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'The King's Speech' Wins Big at Academy Awards

An Auto-Tune medley of moments from last year's hit movies is the highlight of the awkward show

February 28, 2011 10:55 AM ET
Christian Bale, Natalie Portman, Melissa Leo and Colin Firth
Christian Bale, Natalie Portman, Melissa Leo and Colin Firth
Jason Merritt/Getty

The King's Speech won the top awards at last night's Academy Awards, landing Best Picture, Best Director and Best Actor for Colin Firth. It wasn't a sweep by any means, though, and statues were distributed to other top nominated films, with Aaron Sorkin and Trent Reznor leaving with Oscars for The Social Network, Natalie Portman winning Best Actress for Black Swan, Christian Bale winning Best Supporting Actor for The Fighter and Toy Story 3 taking the prize for Animated Feature.

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The ceremony itself was a bit of a mess. Although hosts Anne Hathaway and James Franco each had moments of being genuinely funny – most especially in the pre-taped opening skit in which the two passed through footage of all the Best Picture nominees in an Inception parody – they more often seemed stilted and poorly matched, with Hathaway coming off manic and overenthused and Franco seeming bored.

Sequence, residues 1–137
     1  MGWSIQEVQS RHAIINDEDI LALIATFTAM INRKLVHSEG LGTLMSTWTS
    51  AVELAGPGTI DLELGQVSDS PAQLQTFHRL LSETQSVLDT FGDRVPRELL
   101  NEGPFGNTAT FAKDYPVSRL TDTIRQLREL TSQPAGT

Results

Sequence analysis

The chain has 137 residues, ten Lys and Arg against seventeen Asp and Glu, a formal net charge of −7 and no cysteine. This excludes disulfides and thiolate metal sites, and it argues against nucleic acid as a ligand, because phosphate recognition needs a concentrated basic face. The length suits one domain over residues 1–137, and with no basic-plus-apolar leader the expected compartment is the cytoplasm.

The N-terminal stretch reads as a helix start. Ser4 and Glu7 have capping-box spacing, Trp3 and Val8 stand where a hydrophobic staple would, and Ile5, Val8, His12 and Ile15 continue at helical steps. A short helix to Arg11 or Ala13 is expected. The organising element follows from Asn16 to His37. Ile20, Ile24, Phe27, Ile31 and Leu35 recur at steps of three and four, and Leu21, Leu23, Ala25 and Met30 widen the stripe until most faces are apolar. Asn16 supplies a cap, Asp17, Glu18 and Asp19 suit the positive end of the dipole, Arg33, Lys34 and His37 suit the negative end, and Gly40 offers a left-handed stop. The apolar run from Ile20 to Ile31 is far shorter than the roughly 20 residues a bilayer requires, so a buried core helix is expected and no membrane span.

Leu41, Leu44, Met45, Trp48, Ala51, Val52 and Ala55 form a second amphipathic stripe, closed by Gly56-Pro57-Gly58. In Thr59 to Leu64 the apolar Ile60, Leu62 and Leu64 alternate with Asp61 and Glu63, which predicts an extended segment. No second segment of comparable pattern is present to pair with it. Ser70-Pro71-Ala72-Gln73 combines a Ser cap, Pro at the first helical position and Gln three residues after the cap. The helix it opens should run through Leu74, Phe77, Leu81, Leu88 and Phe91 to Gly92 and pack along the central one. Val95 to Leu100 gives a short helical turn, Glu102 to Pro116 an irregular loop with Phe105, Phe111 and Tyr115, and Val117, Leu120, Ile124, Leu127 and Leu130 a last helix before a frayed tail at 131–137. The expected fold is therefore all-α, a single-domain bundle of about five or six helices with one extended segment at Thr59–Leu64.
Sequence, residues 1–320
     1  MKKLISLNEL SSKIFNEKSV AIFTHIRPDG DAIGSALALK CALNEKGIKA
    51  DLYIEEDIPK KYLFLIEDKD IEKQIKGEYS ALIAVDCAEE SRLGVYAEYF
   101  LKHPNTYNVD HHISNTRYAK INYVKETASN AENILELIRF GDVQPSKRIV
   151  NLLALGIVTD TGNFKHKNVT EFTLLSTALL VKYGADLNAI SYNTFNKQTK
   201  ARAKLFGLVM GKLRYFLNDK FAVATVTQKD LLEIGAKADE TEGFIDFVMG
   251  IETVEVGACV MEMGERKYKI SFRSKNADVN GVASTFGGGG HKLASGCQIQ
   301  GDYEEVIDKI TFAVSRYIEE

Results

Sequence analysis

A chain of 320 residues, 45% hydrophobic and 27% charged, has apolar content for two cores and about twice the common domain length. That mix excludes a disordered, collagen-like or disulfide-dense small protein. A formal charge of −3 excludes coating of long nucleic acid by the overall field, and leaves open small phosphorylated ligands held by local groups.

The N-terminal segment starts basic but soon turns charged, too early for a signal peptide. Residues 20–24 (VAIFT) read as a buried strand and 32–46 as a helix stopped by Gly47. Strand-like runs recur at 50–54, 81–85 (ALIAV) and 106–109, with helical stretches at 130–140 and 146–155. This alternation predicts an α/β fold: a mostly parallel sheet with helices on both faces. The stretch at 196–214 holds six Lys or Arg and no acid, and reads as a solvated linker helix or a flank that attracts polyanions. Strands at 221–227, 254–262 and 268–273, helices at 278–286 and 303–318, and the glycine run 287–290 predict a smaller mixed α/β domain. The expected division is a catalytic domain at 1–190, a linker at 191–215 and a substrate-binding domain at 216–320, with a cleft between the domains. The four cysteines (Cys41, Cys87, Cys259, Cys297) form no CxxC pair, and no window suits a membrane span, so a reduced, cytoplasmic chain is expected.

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Of course, the hosts' uneven performance was nowhere near as awkward as the seemingly interminable sequence during which 94-year-old stroke survivor Kirk Douglas was brought out to present the award for Best Supporting Actress. Though Douglas has a certain charm, that bit was slow, nearly incomprehensible and utterly cringe-inducing. But then Supporting Actress winner Melissa Leo took an uncomfortable moment and made it even weirder, spinning off into a grating, extremely loopy acceptance speech in which she dropped an f-bomb that would be remarked upon in other speeches throughout the night.

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The high point of the show was undoubtedly this medley of songs created from footage from some of the year's top movies made by the Gregory Brothers, the masterminds of Auto-Tune the News.

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